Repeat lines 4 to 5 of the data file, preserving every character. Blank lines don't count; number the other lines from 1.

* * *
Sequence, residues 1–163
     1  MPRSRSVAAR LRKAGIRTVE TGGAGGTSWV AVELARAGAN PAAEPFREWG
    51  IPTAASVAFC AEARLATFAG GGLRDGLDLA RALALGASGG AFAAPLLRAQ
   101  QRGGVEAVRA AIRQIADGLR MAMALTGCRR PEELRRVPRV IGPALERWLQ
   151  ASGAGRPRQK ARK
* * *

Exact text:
   101  QRGGVEAVRA AIRQIADGLR MAMALTGCRR PEELRRVPRV IGPALERWLQ
   151  ASGAGRPRQK ARK